We left New Orleans because my husband did not ever want to fix a flooded house again in his life.
Now we find ourselves surrounded by another disaster, one even bigger than the breaking of the levees: an inferno consuming much of Southern California. When I look at the newspaper’s map of the fires, I see that the areas north, west, and south of our town are burning.
We have been spared. But the beautiful stark hills we see from every window of our house have taken on an ominous aspect. Dotted with dead brush, they are ripe for burning. The Santa Ana winds roared through here Sunday and Monday, ripping all the shingles off our garden shed and tearing shrubs out of the ground. They left our hills untouched.
We smell the smoke and see the gray haze. I scan the hills periodically for signs of flames.
Even living through the Katrina experience, I never could get my mind around the whole of it. Too many people were affected, too many square miles. These fires are even harder to grasp. One million refugees? Can it be true? What will happen to them?
I do know that these people are worse off than we Katrina refugees were. Most flooded houses could be repaired, and in most cases second floors and their contents were spared. This week’s fire victims have lost nearly everything. Even if the firefighters put out a fire in time to save a house, the water from the hoses likely destroyed everything inside.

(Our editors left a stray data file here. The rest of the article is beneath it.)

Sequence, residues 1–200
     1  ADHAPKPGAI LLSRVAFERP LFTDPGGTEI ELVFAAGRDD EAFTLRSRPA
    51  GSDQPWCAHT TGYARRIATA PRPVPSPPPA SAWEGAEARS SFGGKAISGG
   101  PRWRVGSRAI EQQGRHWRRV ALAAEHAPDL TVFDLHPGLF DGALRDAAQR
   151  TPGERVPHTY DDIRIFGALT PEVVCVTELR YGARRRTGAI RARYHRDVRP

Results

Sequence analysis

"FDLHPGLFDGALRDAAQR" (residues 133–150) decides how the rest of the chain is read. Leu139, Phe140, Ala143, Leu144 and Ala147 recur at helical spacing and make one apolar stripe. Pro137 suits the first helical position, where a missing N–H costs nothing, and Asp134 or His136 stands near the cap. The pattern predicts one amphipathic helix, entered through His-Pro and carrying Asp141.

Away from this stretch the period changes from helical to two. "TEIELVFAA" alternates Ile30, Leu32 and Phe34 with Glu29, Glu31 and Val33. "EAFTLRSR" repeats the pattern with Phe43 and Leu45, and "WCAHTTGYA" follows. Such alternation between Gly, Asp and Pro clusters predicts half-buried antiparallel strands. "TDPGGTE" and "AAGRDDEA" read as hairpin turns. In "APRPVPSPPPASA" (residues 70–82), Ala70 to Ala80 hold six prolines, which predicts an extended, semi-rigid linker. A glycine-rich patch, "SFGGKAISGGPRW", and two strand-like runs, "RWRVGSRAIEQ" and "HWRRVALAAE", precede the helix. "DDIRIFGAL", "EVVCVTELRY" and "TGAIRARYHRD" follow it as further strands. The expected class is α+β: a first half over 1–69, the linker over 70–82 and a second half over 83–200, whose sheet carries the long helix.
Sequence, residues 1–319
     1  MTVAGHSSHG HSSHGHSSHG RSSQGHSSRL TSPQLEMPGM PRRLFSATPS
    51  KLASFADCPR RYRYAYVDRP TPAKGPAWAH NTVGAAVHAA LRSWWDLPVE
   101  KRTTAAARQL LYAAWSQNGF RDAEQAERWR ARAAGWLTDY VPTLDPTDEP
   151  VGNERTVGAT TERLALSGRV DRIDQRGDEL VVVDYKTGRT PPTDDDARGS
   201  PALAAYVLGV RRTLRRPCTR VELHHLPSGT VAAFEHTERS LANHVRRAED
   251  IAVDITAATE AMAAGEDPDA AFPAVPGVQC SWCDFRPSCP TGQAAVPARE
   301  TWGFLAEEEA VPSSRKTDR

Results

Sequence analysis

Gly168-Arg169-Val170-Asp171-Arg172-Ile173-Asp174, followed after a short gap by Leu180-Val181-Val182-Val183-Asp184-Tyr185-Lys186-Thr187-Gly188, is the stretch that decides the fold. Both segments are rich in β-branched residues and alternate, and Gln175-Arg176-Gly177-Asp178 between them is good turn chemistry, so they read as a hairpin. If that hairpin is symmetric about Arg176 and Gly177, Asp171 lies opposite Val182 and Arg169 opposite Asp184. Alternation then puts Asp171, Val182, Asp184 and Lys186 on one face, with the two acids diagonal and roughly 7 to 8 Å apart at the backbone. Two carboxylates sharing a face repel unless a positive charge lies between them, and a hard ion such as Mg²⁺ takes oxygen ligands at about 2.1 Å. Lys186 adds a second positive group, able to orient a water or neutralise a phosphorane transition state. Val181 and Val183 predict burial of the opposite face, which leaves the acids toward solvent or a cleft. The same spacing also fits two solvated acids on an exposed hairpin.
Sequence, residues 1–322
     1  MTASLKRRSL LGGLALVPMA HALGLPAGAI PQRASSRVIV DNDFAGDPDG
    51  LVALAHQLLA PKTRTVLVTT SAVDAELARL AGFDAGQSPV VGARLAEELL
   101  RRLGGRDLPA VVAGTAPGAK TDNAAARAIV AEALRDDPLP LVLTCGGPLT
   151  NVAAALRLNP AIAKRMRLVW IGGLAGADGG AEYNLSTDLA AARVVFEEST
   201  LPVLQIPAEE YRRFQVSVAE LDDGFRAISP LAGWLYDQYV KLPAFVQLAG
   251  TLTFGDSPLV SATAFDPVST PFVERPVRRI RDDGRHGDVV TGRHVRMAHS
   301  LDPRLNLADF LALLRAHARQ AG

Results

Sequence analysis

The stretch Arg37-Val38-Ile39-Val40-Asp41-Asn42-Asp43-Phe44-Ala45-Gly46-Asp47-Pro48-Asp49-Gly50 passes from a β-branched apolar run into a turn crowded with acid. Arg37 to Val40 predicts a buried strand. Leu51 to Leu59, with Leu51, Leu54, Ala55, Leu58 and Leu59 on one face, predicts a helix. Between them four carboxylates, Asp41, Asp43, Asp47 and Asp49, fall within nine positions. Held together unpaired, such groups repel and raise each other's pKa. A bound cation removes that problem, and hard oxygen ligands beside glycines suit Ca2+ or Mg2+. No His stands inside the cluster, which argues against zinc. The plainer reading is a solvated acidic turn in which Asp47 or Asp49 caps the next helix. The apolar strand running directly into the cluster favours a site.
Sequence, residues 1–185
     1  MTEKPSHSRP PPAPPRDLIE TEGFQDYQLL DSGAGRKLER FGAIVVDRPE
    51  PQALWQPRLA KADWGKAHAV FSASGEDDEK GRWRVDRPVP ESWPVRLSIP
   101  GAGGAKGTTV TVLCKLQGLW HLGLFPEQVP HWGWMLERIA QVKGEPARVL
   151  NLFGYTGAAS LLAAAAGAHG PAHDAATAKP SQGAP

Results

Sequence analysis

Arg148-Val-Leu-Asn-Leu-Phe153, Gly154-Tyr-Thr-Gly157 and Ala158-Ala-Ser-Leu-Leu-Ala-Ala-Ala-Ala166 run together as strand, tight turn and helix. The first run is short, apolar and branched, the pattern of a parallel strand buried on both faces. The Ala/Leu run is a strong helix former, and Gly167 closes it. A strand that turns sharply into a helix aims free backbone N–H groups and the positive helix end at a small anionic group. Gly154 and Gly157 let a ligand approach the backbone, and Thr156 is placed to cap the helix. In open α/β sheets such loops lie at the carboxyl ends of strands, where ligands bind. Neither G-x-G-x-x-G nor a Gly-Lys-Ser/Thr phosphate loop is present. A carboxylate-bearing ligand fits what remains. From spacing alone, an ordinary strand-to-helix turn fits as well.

At times like this, I wish I were religious so I could yell at God.
fire photo copyright Ernest von Rosen, www.amgmedia.com
other photos copyright 2007 Shauna S. Roberts
Shauna, I am sending good vibes your way in hope the fires will avoid your town. Good luck.
Wow. Yes, I would rather have the flood than the fires. Fires are so frightening. I wish you luck and all those who have lost their homes. Disasters seem to pile upon diasters.
SPHINX INK and CHARLES, thanks for your good wishes. We may need them after all—the wind has shifted and is now blowing from the fires towards us and instead of away. Luckily, it's now a light breeze instead of the 40 mph winds of earlier in the week. The sky is grey with smoke, and some peaks are no longer visible.
I hope both of you made out okay in the heavy rain on Monday.
One learns it.
The learning of dread is easier than the unlearning, I think, BERNITA. That was one lesson of Katrina.
Oh Shauna. Thinking of you. Hope you're well.
The Santa Ana winds always seem to romantic if Philip Marlowe stories. I've been sorry to hear of all the damage. I hope it's all over soon.
I am thinking of you and hope things are under control soon.
Thank you, everyone, for your well wishes. The latest reports are that they have the fire near us mostly under control and may have it out by the weekend. So we seem to be safe.
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